We ought to mind Mother Nature’s boundaries even when not visible

The Way I See It
By Daniela Ginta
February 19, 2018 - 7:13am

KAMLOOPS — I must admit, initially I thought the news was a joke. The story of three ‘angry’ otters (quotation marks not mine) that attacked a golden retriever in Victoria, attempting to drown it, according to the dog walker, struck me. The dog waded in the water and chased one of the otters and in a couple of minutes, an attack was unfolding which made the dog walker intervene by getting in the ocean to save the dog. The story had a happy ending, and there’s good learning in it. But…

One of the owner’s comments was that those otters are ‘not the kind of creature you want to meet in a dark alley.’ Right. Good news is, otters will never corner anyone in a dark alley. They are water critters, cute and playful, albeit wild. Hence precisely what they are destined to be: otters.

Now, I love our dog dearly. She has recently turned two, which means that she is less trouble than a young pup or an adolescent one, though to be fair, she has been pretty good all along. When we take her out and off-leash, perfect recall is a must and I constantly reinforce it. Noting the above, I’ll have an extra pair of eyes for when we go near otter-containing waters.

As much love as I have for her though, I know that I could never blame a wild animal for defending itself or its territory should my dog chase it or corner it somehow. We humans and our dogs go out on the trails, or near bodies of water, often crossing invisible boundaries into the deep wilderness, often assuming that we can do that with minimum consequences. By all means, that is possible if dogs are so well-trained that they stay close no matter what, or if we opt to keep the leash on in some areas. In other words, we assume risks by letting dogs run free and possibly coming across wildlife.

We hear of wolves snatching small dogs at Long Beach near Tofino, and we hear of coyotes strategically and expertly luring our domesticated canines into the bush and, as of this last Friday, otters attempting to drown dogs, and we start looking at wild critters with a different eye, an unforgiving one most often, while hugging our shaken-but-thank-God-still-alive pets. Following the otter incident in Victoria, there are many who commented on the ‘sick’ habits of otters, some referring to them as blood-thirsty and angry. Truly, if we love animals, our pets included, we cannot think like that. The circle of nature has us all connected.

Speaking of loving nature and its offerings, this coming weekend is Family Day weekend in Alberta and B.C. conservation officers are on alert near Blue River and Valemount as snowmobilers from our neighbouring province are expected to descend for some fast and noisy winter fun in the said areas. Why have conservation officers you may ask.

Why, it’s the caribou of course. The woodland caribou in the B.C. interior has been facing multiple threats in the last years, which drastically reduced their numbers to the point of independent researchers and conservationists sounding the alarm over the possibility of their demise in the very near future. The threats come from increased human activity (industrial such as logging, resource exploration-related road building, and recreational – yes, snowmobiles!), and climate change, which affects food availability and terrain accessibility among others.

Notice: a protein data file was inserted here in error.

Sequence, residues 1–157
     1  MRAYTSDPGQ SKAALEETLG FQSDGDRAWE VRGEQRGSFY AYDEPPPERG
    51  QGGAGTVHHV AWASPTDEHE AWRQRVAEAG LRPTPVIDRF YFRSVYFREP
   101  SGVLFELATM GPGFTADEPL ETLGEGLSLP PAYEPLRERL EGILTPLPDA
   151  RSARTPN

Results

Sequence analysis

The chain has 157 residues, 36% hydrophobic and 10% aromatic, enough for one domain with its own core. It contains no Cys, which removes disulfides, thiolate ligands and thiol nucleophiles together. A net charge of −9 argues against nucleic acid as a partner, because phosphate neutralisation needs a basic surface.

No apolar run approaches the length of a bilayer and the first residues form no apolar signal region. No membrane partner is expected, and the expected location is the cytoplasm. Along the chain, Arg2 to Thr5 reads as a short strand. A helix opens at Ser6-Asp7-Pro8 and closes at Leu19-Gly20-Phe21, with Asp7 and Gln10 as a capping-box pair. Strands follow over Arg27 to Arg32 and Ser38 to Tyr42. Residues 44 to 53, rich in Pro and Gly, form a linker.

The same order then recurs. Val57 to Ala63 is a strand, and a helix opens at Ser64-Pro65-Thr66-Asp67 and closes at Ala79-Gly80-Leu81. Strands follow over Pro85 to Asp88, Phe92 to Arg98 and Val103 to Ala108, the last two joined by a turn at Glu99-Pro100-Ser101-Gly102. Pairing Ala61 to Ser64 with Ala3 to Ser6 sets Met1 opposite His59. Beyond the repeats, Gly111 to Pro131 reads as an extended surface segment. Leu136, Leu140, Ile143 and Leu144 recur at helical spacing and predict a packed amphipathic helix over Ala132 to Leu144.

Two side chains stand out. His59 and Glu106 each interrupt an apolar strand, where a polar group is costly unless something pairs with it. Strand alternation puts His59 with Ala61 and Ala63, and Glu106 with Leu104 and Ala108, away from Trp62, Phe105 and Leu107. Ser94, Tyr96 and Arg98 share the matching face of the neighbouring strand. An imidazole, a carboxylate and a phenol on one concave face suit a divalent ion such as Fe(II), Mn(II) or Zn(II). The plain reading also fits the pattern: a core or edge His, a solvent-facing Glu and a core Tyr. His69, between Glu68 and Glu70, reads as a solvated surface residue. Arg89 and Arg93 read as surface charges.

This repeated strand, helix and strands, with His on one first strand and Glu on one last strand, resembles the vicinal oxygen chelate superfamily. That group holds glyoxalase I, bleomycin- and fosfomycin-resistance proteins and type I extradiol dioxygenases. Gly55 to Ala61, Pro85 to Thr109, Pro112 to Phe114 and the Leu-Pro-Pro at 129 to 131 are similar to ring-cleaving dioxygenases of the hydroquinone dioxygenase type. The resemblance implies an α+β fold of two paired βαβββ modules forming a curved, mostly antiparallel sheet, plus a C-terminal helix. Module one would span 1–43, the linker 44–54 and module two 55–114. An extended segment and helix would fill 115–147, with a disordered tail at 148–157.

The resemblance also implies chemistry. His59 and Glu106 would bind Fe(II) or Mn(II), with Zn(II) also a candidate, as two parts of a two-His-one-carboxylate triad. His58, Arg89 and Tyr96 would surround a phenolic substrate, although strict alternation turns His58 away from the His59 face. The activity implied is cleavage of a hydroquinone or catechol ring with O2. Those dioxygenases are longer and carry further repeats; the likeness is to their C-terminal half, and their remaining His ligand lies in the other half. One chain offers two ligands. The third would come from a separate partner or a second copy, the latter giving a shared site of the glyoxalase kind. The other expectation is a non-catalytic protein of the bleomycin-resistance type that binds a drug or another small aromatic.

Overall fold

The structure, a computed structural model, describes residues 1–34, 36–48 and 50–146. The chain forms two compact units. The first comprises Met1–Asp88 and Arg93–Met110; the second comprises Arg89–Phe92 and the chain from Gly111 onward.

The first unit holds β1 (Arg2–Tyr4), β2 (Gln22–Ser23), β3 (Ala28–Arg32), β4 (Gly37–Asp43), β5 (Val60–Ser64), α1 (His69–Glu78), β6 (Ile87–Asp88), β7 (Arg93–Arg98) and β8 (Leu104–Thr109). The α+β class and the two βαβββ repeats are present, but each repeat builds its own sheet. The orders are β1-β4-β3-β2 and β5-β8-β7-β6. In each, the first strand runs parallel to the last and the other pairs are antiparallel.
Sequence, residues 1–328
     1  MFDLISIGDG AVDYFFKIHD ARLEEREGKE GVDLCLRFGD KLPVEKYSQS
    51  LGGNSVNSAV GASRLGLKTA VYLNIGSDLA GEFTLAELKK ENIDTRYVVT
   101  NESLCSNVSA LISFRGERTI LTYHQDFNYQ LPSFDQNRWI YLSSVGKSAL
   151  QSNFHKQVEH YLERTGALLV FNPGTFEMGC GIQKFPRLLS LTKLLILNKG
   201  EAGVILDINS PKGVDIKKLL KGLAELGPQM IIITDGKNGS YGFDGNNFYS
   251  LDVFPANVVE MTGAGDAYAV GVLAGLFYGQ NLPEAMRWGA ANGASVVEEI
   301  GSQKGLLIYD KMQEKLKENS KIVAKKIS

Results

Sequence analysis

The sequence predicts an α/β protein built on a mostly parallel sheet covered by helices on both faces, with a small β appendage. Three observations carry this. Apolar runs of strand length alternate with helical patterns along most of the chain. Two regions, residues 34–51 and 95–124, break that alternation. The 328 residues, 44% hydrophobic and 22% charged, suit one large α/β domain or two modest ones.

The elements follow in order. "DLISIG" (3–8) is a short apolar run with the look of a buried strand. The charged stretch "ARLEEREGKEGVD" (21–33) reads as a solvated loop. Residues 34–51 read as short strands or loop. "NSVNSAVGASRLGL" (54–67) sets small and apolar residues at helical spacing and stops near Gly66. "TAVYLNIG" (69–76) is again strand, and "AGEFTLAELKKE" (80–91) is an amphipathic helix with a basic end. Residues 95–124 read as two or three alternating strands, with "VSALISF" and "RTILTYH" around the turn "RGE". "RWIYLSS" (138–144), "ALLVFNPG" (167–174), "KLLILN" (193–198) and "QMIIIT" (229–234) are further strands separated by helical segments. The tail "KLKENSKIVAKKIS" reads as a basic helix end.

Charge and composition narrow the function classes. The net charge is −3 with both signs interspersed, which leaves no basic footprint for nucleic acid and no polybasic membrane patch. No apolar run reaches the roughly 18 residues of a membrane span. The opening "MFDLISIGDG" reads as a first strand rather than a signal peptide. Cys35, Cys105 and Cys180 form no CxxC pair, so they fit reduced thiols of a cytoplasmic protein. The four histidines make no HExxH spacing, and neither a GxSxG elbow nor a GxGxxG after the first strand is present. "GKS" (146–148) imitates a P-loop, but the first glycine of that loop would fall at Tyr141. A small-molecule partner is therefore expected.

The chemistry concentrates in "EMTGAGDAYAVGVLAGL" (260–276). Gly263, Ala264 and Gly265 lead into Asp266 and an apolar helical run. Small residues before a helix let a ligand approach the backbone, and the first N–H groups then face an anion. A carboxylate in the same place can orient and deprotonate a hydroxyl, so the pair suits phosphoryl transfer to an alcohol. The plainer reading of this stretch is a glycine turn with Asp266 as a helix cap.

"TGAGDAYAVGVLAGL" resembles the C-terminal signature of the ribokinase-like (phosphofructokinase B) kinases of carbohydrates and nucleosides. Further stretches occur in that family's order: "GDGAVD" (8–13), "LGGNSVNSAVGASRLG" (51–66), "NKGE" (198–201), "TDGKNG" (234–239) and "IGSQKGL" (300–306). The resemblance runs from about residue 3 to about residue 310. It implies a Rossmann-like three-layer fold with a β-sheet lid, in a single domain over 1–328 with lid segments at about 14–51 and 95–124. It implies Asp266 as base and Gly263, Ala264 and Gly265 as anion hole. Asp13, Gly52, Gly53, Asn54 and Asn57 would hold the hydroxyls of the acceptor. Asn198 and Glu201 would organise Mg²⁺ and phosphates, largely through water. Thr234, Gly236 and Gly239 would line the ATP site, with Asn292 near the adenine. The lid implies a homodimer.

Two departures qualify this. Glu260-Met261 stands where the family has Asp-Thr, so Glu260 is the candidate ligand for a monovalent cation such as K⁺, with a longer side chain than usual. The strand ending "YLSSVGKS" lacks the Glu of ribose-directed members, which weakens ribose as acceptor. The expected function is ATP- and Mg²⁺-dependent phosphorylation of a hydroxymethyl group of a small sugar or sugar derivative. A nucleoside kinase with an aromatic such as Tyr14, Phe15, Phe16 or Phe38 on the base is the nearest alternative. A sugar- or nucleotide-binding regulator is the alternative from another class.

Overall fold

So, the conservation officers are there to reinforce boundaries. Snowmobilers often venture into forbidden areas which greatly stresses the caribou, hence the measures to protect them. Ideally, repeated notices about the reason certain areas are closed should be enough. After all, we’re in it together, humans and the wild frontier critters. They keep our world wild and beautiful, as we like it.

For Canada in general, and British Columbia in particular, there’s a lot of boasting about our amazing wilderness. For sure national and provincial pride can fuel some self-restrictive measures that would see us all able to participate willingly and happily in the conservation efforts. Understanding nature means loving it means protecting it.

In our own backyard too, local conservationists like Frank Ritcey of WildSafe BC talk of the same: be mindful of your tracks, respect boundaries, leave no trace, leash your dog when out where wild encounters could occur; you get the gist. It’s not just hearsay. It’s the message we all need to heed and be reminded of every so often. We are part of the big world, not its designers or owners. We influence the world around us because we have the means to do so and unfortunately, sometimes our actions are selfish and rather tunnel-vision-ish. Doing as we please unfortunately can only take us so far.

But we can do better. We can learn from wild encounters, without feeling protective of our pets but resentful towards the wild animals, but instead taking note about the need to improve on our own and our pets’ presence in nature, and aiming to protect through actions big and small, the very place we are so eager to find beautiful and pristine every time we head out.

It’s about the greater good; it benefits us in many ways to seek harmony, and to do our best to maintain it.